Clearing the Path for Congressional Consideration of Tax Legislation
President Trump’s unexpected deal with Democratic leaders postpones the debate over spending and raising the debt limit until December. It extends government spending authority and the debt limit to December 15. That clears the September Congressional calendar and brings consideration of tax reform or tax cuts front and center. The need to deal with the Democratic leaders underlines the President’s focus on tax legislation. The need to make this deal, in part, reflects that fact that Congress scheduled only 12 legislative days together in September.
Moving the Debate on Spending and Increased Debt Limit Closer to the 2018 Election Year
At the same time, it moves the debate on spending and raising the debt limit to year-end. As a side note, the December 15thdate comes two days after the December FOMC meeting and just before the Congressional Christmas recess. Of greater import, it will move the debate on top of the 2018 election year. As result, this timing will likely increase the difficulty in coming to speedy agreement on the unresolved partisan issues facing Congress. On a positive note, perhaps the President’s agreement with the Democratic leaders may open the lines of communications to resolve some of those partisan disagreements. Interestingly, Republican leaders and some of the Republican sub-groups maybe put off by the President’s surprising agreement with the Democrats. In any case, it opens up unforeseen possibilities that could finally move some of the President’s agenda forward.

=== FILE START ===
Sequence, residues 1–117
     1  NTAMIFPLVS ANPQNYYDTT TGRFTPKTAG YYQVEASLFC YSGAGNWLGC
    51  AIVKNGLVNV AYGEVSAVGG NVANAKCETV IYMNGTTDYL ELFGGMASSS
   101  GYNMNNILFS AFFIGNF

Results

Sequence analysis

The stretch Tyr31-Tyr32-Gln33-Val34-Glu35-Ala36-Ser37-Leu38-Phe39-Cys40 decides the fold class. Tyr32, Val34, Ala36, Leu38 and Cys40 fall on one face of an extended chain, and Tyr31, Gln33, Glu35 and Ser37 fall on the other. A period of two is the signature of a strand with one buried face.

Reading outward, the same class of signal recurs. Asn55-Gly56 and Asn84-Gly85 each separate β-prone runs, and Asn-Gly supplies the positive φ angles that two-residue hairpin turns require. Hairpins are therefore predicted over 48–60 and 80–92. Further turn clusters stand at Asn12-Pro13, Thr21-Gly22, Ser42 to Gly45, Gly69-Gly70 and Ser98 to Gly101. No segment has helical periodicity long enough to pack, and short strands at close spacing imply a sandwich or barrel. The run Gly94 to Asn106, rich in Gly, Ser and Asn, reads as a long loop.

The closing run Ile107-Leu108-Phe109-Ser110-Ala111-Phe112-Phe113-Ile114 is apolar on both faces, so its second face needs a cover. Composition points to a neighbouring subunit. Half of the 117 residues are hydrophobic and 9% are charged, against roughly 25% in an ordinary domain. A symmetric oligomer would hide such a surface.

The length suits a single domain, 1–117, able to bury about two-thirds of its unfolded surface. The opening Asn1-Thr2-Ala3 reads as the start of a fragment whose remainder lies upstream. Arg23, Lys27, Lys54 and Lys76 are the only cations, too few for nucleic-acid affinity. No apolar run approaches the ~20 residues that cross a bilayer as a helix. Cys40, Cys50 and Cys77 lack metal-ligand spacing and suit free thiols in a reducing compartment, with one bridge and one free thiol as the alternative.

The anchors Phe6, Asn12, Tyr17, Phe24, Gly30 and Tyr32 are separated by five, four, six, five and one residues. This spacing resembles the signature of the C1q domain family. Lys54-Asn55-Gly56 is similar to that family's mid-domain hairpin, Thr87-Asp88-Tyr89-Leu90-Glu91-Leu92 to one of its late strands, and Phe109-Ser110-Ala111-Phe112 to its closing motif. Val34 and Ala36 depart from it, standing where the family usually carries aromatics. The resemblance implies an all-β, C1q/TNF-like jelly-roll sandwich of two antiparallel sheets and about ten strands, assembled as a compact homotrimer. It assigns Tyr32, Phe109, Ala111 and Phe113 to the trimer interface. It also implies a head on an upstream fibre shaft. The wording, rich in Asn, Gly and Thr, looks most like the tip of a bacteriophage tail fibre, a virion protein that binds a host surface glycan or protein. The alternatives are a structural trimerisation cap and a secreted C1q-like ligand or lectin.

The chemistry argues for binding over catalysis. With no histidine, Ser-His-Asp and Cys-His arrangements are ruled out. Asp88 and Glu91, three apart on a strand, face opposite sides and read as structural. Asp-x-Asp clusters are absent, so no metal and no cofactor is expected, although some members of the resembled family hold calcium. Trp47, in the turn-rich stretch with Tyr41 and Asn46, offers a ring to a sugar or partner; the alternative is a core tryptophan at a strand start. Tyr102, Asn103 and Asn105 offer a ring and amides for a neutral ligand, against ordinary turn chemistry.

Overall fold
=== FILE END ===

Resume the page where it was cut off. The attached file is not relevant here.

If tax reform or tax rate reduction legislation moves through Congress, it could bring investors back to those stocks that benefited from the initial Trump bump. One focus would be on companies with primarily domestic incomes. A broad stock group meeting that standard would be medium and small cap companies.
The other possible change that reflects tax reform rather than tax rate reduction would be shifting the taxation of U.S. global corporations from global to a territorial tax basis. Without getting into the weeds on that change, U.S. global companies, with over $2.5 trillion of cash held “outside” the U.S., could repatriate some part of those funds. The immediate net result would likely be increased share repurchases and eliminating the need to borrow to increase dividend payments. In addition, it could also lead to increased capital investment in this country with improved productivity being one long term benefit.
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